Wednesday, July 12, 2006


Excerpts from William Cowper's Letters (1783)

Jan. 11 (to John Newton):
He calls Christ his Brother and God his Father in a style of familiarity that seems to bespeak no small share of spiritual pride and vanity.
Feb. 8 (to John Newton):
You will suppose me a politician; but in truth I am nothing less. These are the thoughts that occur to me while I read the newspaper; and when I have laid it down, I feel myself more interested in the success of my early cucumbers, than in any part of this great and important subject.
March 7 (to William Bull):
Can a man be a good Christian that goes without breeches?
June 3 (to William Bull):
Tobacco was not known in the golden age. So much the worse for the golden age. This age of iron, or lead, would be insupportable without it; and therefore we may reasonably suppose that the happiness of those better days would have been much improved by the use of it.
June 17 (to John Newton):
A man thinks he is fighting for Christ, and he is fighting for his own notions.
Sept. 29 (to William Unwin):
One generation blows bubbles, and the next breaks them.
Oct. 6 (to John Newton):
Angels descend from Heaven to publish peace between man and his Maker; the Prince of Peace himself comes to confirm and establish it, and war, hatred, and desolation are the consequence. Thousands quarrel about the interpretation of a book which none of them understand. He that is slain dies firmly persuaded that the crown of martyrdom expects him; and he that slew him is equally convinced that he has done God service. In reality they are both mistaken, and equally unentitled to the honour they arrogate to themselves.
Oct. 20 (to Joseph Hill):
I have nothing to say on political subjects, for two reasons: first, because I know none that at present would prove very amusing, especially to you who love your country; and, secondly, because there are none that I have the vanity to think myself qualified to discuss.
Nov. 10 (to William Unwin):
But I have observed in your two last letters somewhat of a dejection and melancholy, that I am afraid you do not sufficiently strive against. I suspect you of being too sedentary. "You cannot walk." Why you cannot is best known to yourself. I am sure your legs are long enough, and your person does not overload them. But I beseech you ride, and ride often. I think I have heard you say, you cannot even do that without an object. Is not health an object? Is not a new prospect, which in most countries is gained at the end of every mile, an object? Assure yourself that easy chairs are no friends to cheerfulness, and that a long winter spent by the fireside is a prelude to an unhealthy spring. Every thing I see in the fields is to me an object, and I can look at the same rivulet, or at a handsome tree, every day of my life, with new pleasure. This indeed is partly the effect of a natural taste for rural beauty, and partly the effect of habit; for I never in all my life have let slip the opportunity of breathing fresh air, and of conversing with nature, when I could fairly catch it. I earnestly recommend a cultivation of the same taste to you, suspecting that you have neglected it, and suffer for doing so.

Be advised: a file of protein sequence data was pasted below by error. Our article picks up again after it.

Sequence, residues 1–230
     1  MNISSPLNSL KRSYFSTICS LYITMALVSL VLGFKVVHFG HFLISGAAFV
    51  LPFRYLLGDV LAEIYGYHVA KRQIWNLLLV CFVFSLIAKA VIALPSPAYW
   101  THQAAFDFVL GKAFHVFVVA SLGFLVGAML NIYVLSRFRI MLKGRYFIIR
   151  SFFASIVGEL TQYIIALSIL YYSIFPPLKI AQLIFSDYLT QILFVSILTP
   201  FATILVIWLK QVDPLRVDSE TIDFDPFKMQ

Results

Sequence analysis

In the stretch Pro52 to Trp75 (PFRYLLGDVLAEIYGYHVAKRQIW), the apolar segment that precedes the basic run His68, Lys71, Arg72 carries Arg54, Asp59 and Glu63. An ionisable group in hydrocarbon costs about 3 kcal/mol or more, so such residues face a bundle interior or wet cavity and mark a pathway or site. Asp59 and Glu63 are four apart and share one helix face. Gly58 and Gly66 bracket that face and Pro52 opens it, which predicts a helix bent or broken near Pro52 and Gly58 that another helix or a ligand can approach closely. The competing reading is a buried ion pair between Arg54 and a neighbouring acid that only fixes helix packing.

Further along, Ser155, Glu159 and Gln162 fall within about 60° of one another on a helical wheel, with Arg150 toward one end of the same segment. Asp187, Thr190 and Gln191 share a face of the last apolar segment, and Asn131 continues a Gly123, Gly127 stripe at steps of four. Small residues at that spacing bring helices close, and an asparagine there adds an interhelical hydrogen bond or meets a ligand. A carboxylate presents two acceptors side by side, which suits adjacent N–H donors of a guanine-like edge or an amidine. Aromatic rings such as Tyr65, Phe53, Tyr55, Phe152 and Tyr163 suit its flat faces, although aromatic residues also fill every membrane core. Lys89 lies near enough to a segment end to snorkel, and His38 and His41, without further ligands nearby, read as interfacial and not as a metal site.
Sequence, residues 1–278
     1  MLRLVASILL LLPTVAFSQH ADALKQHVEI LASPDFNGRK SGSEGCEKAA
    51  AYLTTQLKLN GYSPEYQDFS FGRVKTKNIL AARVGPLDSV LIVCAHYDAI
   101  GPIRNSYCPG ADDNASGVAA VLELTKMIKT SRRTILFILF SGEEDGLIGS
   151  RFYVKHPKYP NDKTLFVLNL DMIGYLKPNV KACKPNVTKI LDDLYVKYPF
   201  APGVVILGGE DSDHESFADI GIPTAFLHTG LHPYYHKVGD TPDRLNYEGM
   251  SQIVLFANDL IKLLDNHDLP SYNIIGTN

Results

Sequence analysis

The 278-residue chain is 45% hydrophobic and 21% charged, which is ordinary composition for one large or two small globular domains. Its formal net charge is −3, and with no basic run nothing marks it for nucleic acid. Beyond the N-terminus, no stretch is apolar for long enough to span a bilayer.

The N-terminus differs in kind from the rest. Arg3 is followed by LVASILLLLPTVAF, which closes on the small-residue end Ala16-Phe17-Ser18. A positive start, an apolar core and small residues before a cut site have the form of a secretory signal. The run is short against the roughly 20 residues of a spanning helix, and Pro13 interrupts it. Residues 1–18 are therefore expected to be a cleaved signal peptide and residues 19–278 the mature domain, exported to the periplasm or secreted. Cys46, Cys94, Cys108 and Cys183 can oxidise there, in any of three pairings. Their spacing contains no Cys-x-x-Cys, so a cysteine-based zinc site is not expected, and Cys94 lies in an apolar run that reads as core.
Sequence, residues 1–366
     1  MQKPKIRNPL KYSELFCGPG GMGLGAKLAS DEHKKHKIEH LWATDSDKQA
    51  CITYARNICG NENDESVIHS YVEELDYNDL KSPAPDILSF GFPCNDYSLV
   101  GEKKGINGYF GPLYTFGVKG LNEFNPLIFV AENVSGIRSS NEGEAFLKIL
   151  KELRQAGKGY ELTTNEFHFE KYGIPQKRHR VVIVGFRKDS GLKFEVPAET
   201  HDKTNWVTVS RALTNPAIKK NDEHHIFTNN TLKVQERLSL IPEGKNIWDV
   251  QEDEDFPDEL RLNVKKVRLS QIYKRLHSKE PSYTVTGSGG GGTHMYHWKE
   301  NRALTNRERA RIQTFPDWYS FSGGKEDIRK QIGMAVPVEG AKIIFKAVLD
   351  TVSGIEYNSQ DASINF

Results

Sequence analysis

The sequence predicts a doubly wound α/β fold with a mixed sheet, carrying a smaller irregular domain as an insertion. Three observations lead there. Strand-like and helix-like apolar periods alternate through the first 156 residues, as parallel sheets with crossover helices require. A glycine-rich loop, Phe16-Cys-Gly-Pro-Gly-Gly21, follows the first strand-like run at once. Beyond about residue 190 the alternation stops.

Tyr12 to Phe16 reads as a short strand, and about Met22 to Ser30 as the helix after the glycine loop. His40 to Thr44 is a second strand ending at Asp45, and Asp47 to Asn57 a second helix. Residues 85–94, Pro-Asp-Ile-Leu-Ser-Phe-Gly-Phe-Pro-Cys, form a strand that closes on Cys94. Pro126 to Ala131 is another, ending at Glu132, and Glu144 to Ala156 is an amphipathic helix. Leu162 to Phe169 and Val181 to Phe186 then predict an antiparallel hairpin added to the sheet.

Dec. 15 (to John Newton, on flying in hot air balloons):
Should the point be carried, and man at last become as familiar with the air as he has long been with the ocean, will it in its consequences prove a mercy, or a judgement? I think, a judgement. First, because if a power to convey himself from place to place, like a bird, would have been good for him, his Maker would have formed him with such a capacity. But he has been a groveller upon the earth for six thousand years, and now at last, when the close of this present state of things approaches, begins to exalt himself above it. So much the worse for him. Like a truant schoolboy, he breaks his bounds, and will have reason to repent of his presumption. -- Secondly, I think it will prove a judgement, because with the exercise of very little foresight, it is easy to prognosticate a thousand evils which the project must necessarily bring after it; amounting at last to the confusion of all order, the annihilation of all authority, with dangers both to property and person, and impunity to the offenders.

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